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Members of Local 110 stand outside the four-plex they were working on as volunteers for Habitat for Humanity after a coffee and donut break Saturday morning. (Pamela Thompson/southernminn.com)

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More than 40 members of Local 110 braved frigid Saturday morning temperatures to rough in the wiring on a four-plex for Rice County Habitat for Humanity of Rice County. (Photo courtesy of Logan Beere, International Brotherhood of Electrical Workers Local 110)

For 22 years, local electricians have donated their talent and time to help place families into new homes collaborating with Rice County Habitat for Humanity. On Saturday morning, about 40 members of the International Brotherhood of Electrical Workers Local 110 teamed up to finish wiring four units in a south Northfield neighborhood.

Most of the Local 110 members planned to spend four to five hours Saturday morning roughing in the wiring, installing light fixtures, electrical receptacles and switches and turning on power of all four units. A coffee and donut break and photo shoot was set for 9:30 a.m.

“This is a big job,” said Jamie McNamara, union business manager. That’s why he arrived just after 7 a.m.

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Jodi Beach, community engagement director of Habitat for Humanity, and Jeff Anderson of Local 110,stand in the first unit on the south end of the Habitat for Humanity four-plex.

Jodi Beach, director of community engagement for Habitat, said the four-plex was the largest Habitat project in Rice County.

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Local 110 has been partnering with Rice County Habitat for Humanity for 22 years.

Jeff Anderson, a spokesman for Local 110, explained that the morning of intense volunteer work also provides hands on experience to apprentice electricians who benefit working side by side more seasoned workers.

“Giving back is good for our members, is good for our communities, and it’s good for Habitat families,” said Doug Suchanek, president of Local 110. “That’s a big reason why we have been donating labor and material to Rice County H4H since 2000.”

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Four families will move into this Habitat for Humanity four-plex sometime this spring.

McNamara said giving back to the community makes him feel good, especially when he’s personally met the new homeowners. “I got to see some new homeowners in Dundas when they first moved in and they were so thrilled,” McNamara said. “They’d had a long journey.”

Beach said she’s met some families who have been living in tough situations for quite awhile. “Some see no way out of poverty,” she said. “Owning a home gives them stability. For the kids, that stability allows them to stay in school and often, to go onto college.”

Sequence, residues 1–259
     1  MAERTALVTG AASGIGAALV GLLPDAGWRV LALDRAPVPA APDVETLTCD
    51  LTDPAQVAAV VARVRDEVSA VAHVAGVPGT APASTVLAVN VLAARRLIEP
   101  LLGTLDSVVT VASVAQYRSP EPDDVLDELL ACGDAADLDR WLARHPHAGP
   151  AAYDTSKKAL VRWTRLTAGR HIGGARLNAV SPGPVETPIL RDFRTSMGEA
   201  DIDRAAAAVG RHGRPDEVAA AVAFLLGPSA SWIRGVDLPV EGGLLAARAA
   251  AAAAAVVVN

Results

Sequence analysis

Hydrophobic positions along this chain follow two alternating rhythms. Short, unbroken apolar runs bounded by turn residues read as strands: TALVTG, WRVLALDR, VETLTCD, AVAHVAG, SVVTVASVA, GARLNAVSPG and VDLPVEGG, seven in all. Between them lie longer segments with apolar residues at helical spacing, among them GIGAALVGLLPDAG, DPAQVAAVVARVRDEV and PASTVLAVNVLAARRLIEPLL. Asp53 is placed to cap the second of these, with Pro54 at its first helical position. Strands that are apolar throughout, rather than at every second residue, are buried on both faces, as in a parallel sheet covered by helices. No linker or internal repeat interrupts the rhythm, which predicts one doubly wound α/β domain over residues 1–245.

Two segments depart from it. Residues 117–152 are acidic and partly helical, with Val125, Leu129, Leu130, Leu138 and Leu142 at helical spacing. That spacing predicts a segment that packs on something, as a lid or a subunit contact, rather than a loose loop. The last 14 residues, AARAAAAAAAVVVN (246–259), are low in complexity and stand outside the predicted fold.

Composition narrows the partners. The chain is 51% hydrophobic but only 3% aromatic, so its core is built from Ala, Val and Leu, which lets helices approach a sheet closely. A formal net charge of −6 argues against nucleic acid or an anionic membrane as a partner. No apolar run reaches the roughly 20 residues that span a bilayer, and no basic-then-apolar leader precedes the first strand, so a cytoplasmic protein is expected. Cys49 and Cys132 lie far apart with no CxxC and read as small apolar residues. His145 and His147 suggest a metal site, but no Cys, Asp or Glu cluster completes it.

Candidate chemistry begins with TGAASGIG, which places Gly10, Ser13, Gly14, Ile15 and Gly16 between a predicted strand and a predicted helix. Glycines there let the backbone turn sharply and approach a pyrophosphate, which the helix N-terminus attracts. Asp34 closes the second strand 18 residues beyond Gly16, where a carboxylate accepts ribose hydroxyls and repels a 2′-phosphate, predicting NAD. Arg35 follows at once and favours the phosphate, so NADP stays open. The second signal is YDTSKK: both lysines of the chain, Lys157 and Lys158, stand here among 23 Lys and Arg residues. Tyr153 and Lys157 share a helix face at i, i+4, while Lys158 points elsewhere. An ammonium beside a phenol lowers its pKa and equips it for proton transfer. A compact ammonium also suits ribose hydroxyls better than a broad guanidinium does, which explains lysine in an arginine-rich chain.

Beach, who had been a teacher, said helping people own a home and build a stable life was in many ways more rewarding than helping educate youth.

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Habitat for Humanity of Rice County hopes to add additional units in this southeastern neighborhood in Northfield. (Pamela Thompson/southernminn.com)

“I’ve worked with many struggling families, some real tear jerkers,” Beach said. “We give them a hand up not a hand out” which motivates them to succeed.

She said the partner families who apply are chosen based on three main criteria:

1. Need for Housing — your current housing is inadequate in some way or you’re paying too much of your income for rent.

2. Ability to Pay — you must be able to pay a mortgage that includes principal, interest, taxes and insurance. Your household income needs to be at least $30,000/annually and not more than $69,150 which is 35-80 percent of Area Median Income (AMI). Even if your income is in that range, you are not guaranteed to be selected for our program.

3. Willingness to Partner — our families aren’t customers or clients — they are our partners! You must be willing to contribute hours of sweat equity (time building your home) and be ambassadors of our program.

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(Photo courtesy of Logan Beere, International Brotherhood of Electrical Workers Local 110)

“I take pride in giving back to society,” McNamara said. “It’s rewarding to know your sweat equity has helped someone whose had a hard life.”

“All of us have good jobs and get good benefits, so we are happy to get out and give back,” Anderson said.

Pamela Thompson is the associate editor for the Northfield News. Reach her at 507-645-1115 or pamela.thompson@apgsomn.com.

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